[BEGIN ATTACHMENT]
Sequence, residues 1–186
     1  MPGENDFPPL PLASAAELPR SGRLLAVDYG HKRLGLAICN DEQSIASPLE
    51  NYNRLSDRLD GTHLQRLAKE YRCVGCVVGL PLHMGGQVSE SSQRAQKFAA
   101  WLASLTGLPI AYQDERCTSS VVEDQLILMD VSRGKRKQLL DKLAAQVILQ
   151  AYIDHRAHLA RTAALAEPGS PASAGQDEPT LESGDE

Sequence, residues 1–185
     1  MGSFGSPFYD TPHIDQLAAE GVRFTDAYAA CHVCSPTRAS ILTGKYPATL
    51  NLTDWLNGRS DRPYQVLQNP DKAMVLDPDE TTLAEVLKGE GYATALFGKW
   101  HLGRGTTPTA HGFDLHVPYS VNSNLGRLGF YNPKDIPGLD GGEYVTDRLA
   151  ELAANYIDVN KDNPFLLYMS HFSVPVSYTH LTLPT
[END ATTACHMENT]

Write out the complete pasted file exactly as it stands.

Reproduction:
Sequence, residues 1–186
     1  MPGENDFPPL PLASAAELPR SGRLLAVDYG HKRLGLAICN DEQSIASPLE
    51  NYNRLSDRLD GTHLQRLAKE YRCVGCVVGL PLHMGGQVSE SSQRAQKFAA
   101  WLASLTGLPI AYQDERCTSS VVEDQLILMD VSRGKRKQLL DKLAAQVILQ
   151  AYIDHRAHLA RTAALAEPGS PASAGQDEPT LESGDE

Sequence, residues 1–185
     1  MGSFGSPFYD TPHIDQLAAE GVRFTDAYAA CHVCSPTRAS ILTGKYPATL
    51  NLTDWLNGRS DRPYQVLQNP DKAMVLDPDE TTLAEVLKGE GYATALFGKW
   101  HLGRGTTPTA HGFDLHVPYS VNSNLGRLGF YNPKDIPGLD GGEYVTDRLA
   151  ELAANYIDVN KDNPFLLYMS HFSVPVSYTH LTLPT